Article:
Month: February 2011

The Return of Walled Gardens

More than a decade later, walled gardens appear to be making a comeback. Facebook, for example, is one such garden where everyone who plays within it—members, merchants, and developers—plays by the rules set forth by a single company. Apple’s iOS applications constitute another type of walled garden: apps for magazines and newspapers present the content in a format designed for a specific piece of hardware and display. Some consumers and usability advocates applaud the clean and elegant user experience, but the trade-off is that merchants and publishers must again play by the rules of a single intermediary—in this case, Apple.

For all their benefits, walled gardens limit competition and choice. In a recent commentary for Scientific American, Tim Berners-Lee, the inventor of the World Wide Web, warned against the rise of these “closed worlds” because they give control of content to individual companies, rather than keeping it open and universally available, as web addresses are.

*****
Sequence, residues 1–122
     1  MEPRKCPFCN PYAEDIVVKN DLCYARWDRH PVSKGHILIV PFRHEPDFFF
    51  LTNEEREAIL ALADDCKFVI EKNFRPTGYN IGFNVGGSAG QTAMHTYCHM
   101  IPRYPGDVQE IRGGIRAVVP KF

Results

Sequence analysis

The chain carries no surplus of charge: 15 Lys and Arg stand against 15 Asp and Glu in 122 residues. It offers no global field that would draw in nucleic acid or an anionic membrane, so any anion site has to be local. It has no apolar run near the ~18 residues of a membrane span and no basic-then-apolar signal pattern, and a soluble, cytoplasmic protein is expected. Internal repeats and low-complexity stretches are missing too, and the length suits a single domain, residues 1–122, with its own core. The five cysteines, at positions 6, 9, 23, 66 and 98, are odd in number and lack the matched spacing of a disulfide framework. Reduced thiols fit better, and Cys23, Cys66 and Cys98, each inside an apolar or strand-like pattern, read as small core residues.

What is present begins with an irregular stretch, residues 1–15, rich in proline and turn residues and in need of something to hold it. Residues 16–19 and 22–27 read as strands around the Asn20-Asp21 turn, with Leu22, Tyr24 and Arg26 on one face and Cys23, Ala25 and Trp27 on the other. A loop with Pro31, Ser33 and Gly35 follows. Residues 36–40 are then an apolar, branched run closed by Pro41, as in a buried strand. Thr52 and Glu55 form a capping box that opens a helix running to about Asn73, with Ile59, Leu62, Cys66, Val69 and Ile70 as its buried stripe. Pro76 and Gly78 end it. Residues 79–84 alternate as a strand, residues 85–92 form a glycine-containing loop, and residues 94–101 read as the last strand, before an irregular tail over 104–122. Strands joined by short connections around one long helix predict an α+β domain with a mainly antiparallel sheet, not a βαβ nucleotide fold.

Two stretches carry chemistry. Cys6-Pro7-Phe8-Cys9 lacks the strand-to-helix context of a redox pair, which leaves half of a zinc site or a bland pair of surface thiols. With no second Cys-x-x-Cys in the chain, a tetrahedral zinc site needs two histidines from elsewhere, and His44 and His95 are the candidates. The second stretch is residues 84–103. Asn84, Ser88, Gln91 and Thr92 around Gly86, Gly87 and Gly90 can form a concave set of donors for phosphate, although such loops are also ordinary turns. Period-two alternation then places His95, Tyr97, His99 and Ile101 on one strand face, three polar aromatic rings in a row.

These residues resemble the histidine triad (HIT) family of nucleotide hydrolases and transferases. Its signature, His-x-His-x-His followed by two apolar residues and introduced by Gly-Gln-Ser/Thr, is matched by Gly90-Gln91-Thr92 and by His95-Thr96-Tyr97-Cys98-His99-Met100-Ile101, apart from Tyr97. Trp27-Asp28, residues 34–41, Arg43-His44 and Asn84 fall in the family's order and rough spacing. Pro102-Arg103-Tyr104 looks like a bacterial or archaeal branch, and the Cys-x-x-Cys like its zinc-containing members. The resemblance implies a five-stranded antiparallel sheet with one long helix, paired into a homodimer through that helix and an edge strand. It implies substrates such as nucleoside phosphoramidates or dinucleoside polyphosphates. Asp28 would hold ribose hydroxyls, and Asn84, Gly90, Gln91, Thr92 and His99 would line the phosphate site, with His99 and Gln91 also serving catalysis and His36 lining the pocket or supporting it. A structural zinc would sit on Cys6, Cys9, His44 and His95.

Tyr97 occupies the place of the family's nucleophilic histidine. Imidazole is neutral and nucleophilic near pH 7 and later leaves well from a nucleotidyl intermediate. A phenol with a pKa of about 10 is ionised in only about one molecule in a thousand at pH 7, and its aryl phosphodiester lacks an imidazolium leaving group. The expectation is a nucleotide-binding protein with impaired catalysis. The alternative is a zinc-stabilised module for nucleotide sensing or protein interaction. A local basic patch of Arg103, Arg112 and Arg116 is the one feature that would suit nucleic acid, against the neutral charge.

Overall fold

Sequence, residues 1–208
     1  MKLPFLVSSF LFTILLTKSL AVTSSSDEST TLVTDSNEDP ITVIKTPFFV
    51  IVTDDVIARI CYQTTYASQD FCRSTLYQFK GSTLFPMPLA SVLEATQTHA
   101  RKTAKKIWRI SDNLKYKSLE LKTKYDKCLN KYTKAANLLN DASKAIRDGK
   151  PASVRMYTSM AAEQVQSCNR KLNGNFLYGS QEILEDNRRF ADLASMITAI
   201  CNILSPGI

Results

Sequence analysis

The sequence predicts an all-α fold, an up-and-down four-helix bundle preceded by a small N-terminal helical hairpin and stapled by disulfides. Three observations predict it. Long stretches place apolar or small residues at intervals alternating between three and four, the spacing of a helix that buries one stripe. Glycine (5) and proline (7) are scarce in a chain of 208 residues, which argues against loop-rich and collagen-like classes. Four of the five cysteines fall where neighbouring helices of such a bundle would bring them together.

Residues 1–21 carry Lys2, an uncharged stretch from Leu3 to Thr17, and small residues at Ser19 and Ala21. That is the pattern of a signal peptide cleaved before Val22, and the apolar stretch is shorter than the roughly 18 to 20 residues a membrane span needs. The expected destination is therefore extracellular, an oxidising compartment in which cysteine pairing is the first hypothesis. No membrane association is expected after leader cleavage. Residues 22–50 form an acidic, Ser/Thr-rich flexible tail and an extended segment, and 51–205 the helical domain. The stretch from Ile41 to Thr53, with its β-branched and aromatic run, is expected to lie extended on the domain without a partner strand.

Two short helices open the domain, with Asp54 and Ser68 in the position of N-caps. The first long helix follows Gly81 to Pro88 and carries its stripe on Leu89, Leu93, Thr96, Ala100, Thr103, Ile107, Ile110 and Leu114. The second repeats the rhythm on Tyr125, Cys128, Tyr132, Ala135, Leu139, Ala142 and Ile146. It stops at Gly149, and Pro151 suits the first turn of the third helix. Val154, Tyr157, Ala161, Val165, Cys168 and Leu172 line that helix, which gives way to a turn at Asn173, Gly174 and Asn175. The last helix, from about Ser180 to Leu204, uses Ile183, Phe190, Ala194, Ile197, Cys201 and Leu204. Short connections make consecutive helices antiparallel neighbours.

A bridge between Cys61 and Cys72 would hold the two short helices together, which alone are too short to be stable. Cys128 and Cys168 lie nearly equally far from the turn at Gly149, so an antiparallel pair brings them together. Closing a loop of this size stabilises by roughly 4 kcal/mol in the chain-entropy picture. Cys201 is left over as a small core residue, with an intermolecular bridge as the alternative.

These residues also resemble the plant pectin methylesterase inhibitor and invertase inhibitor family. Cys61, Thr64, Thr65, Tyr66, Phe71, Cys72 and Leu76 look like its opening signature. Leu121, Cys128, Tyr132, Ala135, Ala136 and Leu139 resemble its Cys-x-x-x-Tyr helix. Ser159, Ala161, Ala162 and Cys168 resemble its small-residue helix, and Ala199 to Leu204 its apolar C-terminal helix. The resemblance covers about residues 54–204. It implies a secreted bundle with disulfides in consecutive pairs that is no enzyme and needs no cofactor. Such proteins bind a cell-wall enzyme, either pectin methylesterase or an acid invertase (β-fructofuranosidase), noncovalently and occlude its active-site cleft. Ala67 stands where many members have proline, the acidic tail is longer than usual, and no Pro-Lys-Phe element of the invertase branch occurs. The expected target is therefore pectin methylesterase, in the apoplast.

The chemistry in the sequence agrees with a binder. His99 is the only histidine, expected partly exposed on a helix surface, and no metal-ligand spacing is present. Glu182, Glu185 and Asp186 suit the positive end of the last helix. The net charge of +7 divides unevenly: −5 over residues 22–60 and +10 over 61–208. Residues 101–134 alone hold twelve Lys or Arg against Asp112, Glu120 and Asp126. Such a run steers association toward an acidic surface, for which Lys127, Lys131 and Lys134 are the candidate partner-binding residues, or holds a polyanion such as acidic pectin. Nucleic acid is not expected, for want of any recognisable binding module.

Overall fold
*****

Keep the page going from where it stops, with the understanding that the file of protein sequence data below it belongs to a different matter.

Trecho do relatório “ePayments: Emerging Platforms, Embracing Mobile and Confronting Identity“. (O’Reilly Radar. Tim O’Brien, Dave Sims, and the O’Reilly Radar Team.)

Esse trecho dialoga com a análise de Chris Anderson sobre a “morte da web” e a força dos aplicativos.

What stories can it tell?

“But great information visualization never starts from the standpoint of the data set; it starts with questions. Why was the data collected, what’s interesting about it, what stories can it tell?

The most important part of understanding data is identifying the question that you want to answer. Rather than thinking about the data that was collected, think about how it will be used and work backward to what was collected. You collected data because you want to know something about it (…)

One of the most important (and least technical) skills in understanding data is asking good questions. An appropriate question shares an interest you have in the data, tries to convey it to others, and is curiosity-oriented rather than math-oriented.”

Voltei a estudar o livro da coruja, do Ben Fry. O trecho acima está na página 4.